St. Lucie County residents ask commissioners to lower milllage rate and further trim $587.5 million budget

FORT PIERCE – Some 30 St. Lucie County residents pleaded with the Commission Sept. 19 to reconsider approving its $585.5-million budget and proposed 8.8759 millage rate, lamenting what they called the highest overall millage in the state.

South Indian River Drive homeowner Mark Derosa said he was shocked to find out just how high the millage rate on his tax bill had risen.

“It’s come to my attention this year after a series of tax increases at the county level that our millage rate for property tax is the highest in the State of Florida out of 67 counties,” he said. “According to a study done by Florida Tax Watch in January of 2018, St. Lucie County had a millage rate of 23.114; the average county millage rate for the State of Florida was 18.097, and the median rate was 16.885. This means that our rate was 27.7 percent higher than the state average and almost 37 percent higher than the state median. Keep in mind that this was before the millage rate was increased by 1 mil by the School District referendum in April.”

Marge Matthew of Tradition concurred.

“I agree with everything he said, he’s done his homework better than I,” she said referring to Mr. Derosa. “I too believe that we are overtaxed. I moved here from Palm Beach County, which I thought was the highest, but now I know it’s not, So, I wish you would lower our millage.”

Commissioner Chris Dzadovsky agreed with the speakers about the overall tax rate in St. Lucie County.

“If you take the aggregate, it is the highest in the state,” he said.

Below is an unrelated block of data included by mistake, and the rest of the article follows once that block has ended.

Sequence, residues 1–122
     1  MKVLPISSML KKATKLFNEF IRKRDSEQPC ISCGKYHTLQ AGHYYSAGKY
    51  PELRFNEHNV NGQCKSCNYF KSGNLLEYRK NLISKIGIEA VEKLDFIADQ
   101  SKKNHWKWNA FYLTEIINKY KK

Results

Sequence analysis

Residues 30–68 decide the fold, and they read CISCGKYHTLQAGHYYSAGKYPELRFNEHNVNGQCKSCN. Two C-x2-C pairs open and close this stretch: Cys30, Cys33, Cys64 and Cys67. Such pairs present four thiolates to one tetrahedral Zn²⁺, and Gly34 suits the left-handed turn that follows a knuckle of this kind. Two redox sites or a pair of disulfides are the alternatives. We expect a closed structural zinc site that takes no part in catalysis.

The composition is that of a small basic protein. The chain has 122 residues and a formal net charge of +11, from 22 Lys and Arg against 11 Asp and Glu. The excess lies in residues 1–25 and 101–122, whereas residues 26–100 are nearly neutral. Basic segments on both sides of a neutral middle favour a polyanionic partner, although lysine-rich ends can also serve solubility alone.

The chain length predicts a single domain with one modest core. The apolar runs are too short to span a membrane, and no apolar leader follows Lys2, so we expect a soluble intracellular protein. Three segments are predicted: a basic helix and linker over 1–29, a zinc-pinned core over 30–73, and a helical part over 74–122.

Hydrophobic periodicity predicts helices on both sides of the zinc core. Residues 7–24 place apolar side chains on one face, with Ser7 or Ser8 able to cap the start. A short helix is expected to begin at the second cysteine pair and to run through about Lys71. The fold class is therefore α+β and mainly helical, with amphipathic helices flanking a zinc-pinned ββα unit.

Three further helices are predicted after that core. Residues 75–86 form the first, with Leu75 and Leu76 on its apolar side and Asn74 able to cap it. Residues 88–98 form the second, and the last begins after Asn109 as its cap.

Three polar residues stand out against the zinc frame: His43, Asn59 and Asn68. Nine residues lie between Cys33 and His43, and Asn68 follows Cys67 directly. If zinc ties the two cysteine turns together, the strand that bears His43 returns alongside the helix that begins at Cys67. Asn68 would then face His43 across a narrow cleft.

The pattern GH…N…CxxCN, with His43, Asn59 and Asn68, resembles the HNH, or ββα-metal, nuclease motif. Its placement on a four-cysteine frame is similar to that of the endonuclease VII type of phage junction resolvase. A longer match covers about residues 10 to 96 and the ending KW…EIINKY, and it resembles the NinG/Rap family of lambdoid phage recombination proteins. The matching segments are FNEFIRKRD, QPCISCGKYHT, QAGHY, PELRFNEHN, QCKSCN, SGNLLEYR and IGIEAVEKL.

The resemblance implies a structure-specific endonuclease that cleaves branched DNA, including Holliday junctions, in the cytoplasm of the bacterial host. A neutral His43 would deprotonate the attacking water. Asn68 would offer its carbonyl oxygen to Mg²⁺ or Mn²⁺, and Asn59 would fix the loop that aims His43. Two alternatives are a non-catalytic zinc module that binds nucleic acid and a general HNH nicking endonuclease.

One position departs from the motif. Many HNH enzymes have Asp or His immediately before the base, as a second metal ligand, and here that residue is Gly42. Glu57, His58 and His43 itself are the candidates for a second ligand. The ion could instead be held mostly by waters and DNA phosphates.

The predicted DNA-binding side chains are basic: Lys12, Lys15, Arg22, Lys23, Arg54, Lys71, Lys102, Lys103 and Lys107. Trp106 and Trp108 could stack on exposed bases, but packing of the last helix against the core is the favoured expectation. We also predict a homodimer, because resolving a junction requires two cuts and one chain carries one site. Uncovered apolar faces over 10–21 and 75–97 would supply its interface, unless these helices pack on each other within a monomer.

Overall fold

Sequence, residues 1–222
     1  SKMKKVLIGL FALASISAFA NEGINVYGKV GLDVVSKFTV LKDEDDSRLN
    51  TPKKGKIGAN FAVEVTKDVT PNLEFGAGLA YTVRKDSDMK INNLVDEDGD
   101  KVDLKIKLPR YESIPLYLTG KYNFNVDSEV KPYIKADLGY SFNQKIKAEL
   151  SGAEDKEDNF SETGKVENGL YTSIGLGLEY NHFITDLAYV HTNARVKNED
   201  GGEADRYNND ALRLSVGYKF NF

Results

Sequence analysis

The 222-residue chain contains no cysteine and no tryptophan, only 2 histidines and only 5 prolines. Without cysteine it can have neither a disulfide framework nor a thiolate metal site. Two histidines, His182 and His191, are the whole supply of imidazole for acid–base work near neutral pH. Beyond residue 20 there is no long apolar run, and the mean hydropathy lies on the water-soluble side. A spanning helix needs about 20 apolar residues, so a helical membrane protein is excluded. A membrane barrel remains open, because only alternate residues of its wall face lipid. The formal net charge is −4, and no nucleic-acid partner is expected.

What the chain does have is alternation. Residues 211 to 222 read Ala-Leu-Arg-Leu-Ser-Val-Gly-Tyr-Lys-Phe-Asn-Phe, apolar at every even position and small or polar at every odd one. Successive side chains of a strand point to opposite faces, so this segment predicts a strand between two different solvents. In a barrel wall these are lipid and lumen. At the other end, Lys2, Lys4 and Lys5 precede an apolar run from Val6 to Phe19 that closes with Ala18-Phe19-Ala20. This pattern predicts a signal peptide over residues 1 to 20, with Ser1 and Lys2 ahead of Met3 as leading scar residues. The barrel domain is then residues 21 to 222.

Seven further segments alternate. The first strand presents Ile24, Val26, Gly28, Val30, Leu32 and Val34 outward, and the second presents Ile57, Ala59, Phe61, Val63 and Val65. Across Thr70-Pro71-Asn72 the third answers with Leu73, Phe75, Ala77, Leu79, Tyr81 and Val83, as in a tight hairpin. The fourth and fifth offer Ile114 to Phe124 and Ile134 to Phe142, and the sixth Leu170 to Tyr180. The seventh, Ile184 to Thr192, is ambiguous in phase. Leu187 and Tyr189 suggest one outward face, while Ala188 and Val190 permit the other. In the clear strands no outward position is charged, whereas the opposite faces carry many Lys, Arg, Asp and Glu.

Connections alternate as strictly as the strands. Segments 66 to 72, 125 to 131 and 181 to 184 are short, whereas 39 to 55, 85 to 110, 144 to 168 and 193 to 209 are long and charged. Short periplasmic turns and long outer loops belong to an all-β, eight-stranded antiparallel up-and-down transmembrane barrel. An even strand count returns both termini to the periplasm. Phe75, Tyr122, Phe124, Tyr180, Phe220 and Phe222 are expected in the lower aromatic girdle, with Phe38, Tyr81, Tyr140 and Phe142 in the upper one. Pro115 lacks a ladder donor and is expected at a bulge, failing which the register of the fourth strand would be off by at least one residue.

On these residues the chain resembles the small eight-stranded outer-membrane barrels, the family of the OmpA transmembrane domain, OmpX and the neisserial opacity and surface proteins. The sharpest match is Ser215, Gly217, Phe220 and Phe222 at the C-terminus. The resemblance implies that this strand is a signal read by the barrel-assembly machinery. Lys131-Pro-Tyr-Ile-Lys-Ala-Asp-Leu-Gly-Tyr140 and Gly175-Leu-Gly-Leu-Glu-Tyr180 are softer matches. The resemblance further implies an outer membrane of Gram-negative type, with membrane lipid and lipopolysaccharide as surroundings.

The commissioner then asked Office of Management & Budget Director Jennifer Hill to help clarify the makeup of the millage rate reflected on the overall tax bill of residents. The latter went through a series of complicated explanations, insisting that other taxing entities and not the county itself were responsible for the high millage rate.

“As you mentioned, St. Lucie County is the highest millage rate in the State of Florida, but that’s only part of the equation,” she said. “It’s just the aggregate for all of the taxing districts. For Fiscal Year 2019, the average millage rate levied by all taxing districts in St. Lucie County was 22.8369 mils. Of that, 8.9 mils were levied by St. Lucie Board of County Commissioners, which includes constitutional officers, dependent districts and municipal service taxing units. The 67-county average is 16.5160, and we’re at 22.8369, when you add in all the other taxing entities. When you look at just specifically Board of County Commissioners, the millage rate we’re proposing is actually down slightly to 8.87 mils. The highest county was at 13, the lowest at 3.4319, and the average at 7.9821. So when you talk about just boards of county commissioners, we are slightly above average – we are not the highest county.”

Even though Ms. Hill emphasized that only 39 percent of county tax bills reflected the Board’s charges and the rest incorporated millages levied by the St. Lucie County School Board, the municipalities and other special districts, her explanation failed to satisfy Port St. Lucie resident Anita Germano, who wondered why taxes continued to soar with so many new taxpayers moving into the county.

“One of the things we notice out in the Tradition area and St. Lucie West is we have so many new roofs out there, so hopefully during the course of this year and the incoming year more people will be paying taxes,” she said. “I’ve been here three years now, and I don’t understand why we’re not getting a little bit of relief or seeing a decrease in our taxes seeing we have so many new people in St. Lucie County. There should be a little wiggle room in there for us so we could have a little relief.”

Nettles Island homeowner Mike Friend was more blunt in his assessment, responding to the facts provided by staff early in the hearing that the county’s rising property values partially contributed to a $42-million increase in the budget and the proposed millage rate was 5.03-percent higher than the aggregate roll back rate. Most counties in Florida do not rely on the latter, which is the rate that would provide them with the prior year’s tax proceeds due to a rise in local property values, preferring instead to pad their budgets with the additional revenue and attribute higher taxes to a good economy.